Has Burning Desire To Repay Their 'Courtesies'

Naval Training Station, Sampson

It is a safe bet that any one of the thousands of sailors here, from Capt. Harry A. Badt, USN, commandant, on down to the rawest recruit, would give almost anything to be among the first to land in Japan But for Apprentice Seaman Charles M. Williams,Brooklyn, it would be the culmination of a burning desire to repay the Japs for the 'courtesies' shown him while he was their prisoner for more than six months. It was at Hong Kong where Recruit Williams was taken prisoner on Christmas Day, 1941, just 17 days after the Nipponese started their invasion of the British Crown Colony.

Under Heavy Bombing

Williams, who was a junior officer at the Hong Kong branch of the Chase National Bank of New York, said that the city and mainland underwent incessant bombing before the English garrison and Canadian contingent capitulated to the Nips. On one occasion, a bomb struck a truck of coolies 50 yards from where he stood, killing all the occupants.

Charles M. Williams, apprentice seaman at Sampson, points to the Nips' symbols for "one, two, three, four" etc. in recalling that the little yellow men made their captives, of whom he was one, count off each morning in Japanese. The characters on the right stand for Mo Jon Ken Kosan, meaning "unconditional surrender."

Immediately after the fall of Hong Kong he said the Japs staged a victory parade after which the soldiers were given the run of the city for three days. During that time he and other prisoners were confined to their homes while the Nips carried on a campaign of terror.

It was certain death to venture outdoors, Williams said.

Compelled to Work

On Jan. 5, 1942, he and thousands of American, British and Dutch nationals were herded on the Murray parade grounds where they were segregated and marched to cheap Chinese hotels. Williams was assigned to a group of about 80 bankers. From that date until June 29, when he was exchanged, he reported daily to his bank where he was compelled to work for the Japs.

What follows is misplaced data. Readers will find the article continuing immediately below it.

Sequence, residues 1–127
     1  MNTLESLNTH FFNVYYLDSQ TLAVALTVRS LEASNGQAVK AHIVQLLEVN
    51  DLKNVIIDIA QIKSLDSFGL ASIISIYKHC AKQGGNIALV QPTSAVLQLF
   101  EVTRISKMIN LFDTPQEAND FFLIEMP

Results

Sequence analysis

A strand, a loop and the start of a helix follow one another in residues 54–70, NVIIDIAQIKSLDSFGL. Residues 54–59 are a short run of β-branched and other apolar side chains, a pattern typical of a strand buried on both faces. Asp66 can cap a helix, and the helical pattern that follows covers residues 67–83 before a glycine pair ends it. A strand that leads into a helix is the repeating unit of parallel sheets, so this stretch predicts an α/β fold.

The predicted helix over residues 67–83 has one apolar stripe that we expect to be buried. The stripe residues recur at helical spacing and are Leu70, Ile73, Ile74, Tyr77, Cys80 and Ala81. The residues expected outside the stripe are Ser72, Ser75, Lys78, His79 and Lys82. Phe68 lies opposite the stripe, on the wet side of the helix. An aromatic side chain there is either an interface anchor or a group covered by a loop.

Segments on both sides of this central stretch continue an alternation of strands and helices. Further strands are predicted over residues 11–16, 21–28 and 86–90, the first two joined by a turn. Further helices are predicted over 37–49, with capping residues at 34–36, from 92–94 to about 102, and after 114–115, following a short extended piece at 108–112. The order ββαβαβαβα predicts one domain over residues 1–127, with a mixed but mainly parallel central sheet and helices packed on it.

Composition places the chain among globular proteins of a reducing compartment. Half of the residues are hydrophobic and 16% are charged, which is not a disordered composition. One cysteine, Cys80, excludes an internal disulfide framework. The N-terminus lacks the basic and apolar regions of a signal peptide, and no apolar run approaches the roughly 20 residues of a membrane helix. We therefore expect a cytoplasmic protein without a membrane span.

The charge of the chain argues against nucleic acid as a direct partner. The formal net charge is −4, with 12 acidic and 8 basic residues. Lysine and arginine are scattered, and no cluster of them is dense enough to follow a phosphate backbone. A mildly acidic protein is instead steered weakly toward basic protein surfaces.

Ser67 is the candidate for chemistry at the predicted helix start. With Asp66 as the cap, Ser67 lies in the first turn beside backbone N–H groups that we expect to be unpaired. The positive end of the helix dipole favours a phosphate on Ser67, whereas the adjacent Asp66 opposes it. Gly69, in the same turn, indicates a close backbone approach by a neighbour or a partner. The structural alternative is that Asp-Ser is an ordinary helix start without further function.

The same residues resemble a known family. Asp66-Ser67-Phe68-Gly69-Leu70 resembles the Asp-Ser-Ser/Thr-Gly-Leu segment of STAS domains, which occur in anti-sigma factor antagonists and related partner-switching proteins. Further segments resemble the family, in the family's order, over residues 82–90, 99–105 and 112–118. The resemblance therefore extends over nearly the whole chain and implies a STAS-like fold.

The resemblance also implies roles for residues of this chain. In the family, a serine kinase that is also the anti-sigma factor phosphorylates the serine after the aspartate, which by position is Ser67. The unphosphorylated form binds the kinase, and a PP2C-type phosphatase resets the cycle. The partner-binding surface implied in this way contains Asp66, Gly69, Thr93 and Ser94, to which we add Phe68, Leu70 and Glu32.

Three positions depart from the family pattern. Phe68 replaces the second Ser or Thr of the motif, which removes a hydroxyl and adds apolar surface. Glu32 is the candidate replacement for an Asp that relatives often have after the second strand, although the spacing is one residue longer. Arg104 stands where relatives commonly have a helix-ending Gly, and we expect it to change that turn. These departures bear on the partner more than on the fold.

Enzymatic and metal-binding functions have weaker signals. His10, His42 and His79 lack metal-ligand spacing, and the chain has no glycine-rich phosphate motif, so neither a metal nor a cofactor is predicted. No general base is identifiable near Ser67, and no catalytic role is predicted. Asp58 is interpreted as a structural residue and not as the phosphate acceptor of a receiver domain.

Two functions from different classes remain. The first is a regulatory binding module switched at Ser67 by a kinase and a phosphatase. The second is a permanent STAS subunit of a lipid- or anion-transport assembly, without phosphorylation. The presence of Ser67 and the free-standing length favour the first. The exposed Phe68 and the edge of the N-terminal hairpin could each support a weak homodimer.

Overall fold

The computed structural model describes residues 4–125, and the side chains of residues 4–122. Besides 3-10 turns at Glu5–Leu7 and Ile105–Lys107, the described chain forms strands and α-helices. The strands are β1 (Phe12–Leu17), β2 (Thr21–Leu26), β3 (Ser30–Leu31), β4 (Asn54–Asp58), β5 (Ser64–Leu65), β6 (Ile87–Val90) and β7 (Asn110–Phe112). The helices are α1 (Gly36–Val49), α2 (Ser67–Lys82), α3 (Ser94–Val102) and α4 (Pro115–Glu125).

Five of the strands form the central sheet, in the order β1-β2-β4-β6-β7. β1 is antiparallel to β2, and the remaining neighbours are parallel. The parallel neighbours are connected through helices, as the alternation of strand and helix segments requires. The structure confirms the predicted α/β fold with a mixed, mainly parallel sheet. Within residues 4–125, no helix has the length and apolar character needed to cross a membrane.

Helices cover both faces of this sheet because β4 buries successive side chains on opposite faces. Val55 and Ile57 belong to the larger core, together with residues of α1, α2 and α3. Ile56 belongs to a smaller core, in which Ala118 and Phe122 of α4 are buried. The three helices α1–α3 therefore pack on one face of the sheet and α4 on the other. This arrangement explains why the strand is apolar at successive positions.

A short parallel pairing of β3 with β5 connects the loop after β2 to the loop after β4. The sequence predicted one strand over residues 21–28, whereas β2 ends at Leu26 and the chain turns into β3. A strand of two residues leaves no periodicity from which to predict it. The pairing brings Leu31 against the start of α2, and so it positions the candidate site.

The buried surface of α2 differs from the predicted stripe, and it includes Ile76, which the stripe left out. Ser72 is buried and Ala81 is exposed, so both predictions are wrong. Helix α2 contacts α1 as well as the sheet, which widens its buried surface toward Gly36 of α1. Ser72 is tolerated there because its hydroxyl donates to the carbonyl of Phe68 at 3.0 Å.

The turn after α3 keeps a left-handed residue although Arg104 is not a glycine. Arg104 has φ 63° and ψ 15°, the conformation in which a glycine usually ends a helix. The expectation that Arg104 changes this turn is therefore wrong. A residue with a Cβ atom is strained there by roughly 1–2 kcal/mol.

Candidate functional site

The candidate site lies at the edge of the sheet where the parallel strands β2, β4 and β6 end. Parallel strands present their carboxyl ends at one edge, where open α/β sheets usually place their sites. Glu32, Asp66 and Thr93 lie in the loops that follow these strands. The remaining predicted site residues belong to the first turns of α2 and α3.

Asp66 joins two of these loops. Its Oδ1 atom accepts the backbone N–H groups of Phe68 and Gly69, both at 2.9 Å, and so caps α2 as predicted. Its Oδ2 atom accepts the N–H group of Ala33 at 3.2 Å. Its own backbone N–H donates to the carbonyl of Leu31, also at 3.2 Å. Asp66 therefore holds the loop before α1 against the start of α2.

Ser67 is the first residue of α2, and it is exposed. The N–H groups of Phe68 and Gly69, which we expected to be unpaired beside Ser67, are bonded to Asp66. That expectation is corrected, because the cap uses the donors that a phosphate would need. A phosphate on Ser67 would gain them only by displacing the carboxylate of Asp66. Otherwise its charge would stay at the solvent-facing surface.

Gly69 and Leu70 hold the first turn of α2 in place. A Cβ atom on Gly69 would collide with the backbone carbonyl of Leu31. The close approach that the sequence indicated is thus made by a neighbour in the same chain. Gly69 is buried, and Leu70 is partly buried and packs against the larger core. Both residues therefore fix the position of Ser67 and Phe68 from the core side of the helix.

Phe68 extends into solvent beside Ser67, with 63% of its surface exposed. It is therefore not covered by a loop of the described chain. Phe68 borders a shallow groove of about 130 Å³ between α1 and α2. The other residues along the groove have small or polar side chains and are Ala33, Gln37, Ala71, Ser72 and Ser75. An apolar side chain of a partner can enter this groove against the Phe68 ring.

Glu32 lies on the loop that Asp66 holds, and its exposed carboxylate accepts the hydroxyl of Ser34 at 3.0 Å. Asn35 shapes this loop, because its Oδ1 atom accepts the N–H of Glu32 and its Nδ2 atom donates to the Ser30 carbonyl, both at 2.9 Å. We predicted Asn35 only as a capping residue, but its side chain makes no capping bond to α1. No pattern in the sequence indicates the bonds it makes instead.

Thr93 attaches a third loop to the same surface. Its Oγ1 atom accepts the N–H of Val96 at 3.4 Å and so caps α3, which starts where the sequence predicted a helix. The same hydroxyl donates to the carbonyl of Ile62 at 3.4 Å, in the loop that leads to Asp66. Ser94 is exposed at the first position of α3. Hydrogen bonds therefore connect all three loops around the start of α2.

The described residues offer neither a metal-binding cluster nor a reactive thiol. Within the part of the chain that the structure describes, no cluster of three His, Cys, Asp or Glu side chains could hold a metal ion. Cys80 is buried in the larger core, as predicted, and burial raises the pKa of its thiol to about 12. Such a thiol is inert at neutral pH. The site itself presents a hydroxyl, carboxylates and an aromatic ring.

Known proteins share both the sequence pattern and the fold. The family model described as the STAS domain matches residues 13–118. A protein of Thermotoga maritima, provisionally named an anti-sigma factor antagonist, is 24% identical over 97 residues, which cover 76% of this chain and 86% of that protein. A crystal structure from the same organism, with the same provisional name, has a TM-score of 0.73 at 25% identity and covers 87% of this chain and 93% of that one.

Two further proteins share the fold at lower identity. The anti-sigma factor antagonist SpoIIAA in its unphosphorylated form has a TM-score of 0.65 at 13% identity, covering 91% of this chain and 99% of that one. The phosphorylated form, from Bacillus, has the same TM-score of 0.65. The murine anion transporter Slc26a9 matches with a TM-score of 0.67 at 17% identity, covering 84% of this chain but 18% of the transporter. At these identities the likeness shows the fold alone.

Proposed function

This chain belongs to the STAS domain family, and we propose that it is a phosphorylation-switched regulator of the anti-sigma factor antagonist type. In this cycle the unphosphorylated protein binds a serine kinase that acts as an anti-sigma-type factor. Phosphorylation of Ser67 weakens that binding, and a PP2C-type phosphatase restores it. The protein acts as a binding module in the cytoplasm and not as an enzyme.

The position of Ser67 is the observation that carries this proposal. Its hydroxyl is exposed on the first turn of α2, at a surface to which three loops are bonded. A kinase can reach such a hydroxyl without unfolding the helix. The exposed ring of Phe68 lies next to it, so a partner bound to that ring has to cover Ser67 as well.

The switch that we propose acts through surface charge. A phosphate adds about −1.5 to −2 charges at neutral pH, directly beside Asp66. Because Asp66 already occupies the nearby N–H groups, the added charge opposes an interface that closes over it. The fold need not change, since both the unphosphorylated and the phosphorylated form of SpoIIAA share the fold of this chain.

"Each morning," he said, "we lined up outside of the hotel and had to count off in Japanese. If a person didn't know how to count in the language, he was subject to two slaps in the face."

"In spite of the treatment we could still joke. On one occasion the count was being made, Ichi, Ni, San (one, two, three) when someone suddenly called 'bingo.'" The poor fellow who was to have called out 'four' was blamed and he got two slaps. It gave us a good laugh, though."

For working at the bank, Williams was paid by the Japs out of his firm's assets. Out of this salary he had to pay back $20 a month for rice (the only food provided by his captors) and 35 cents a day for his room. Other food, he said, was obtained from Chinese friends at "black market" prices.

Saw Chinese Executed

Often, he said, on the way to work he saw many Chinese being executed, and it was a common sight to see the Japs beating them up with the butts of guns or bamboo sticks. Bodies of babies and grownups who had died of starvation lay in the streets, he stated.

On June 29, Williams went aboard the Jap steamer "Asamha Maru," which carried Ambassador Joseph C. Grew back to the United States, as an exchange prisoner, later transferring to the Swedish ship "Gripsholm." He arrived in this country on Aug. 25. He has been at Sampson since May 8. 1943.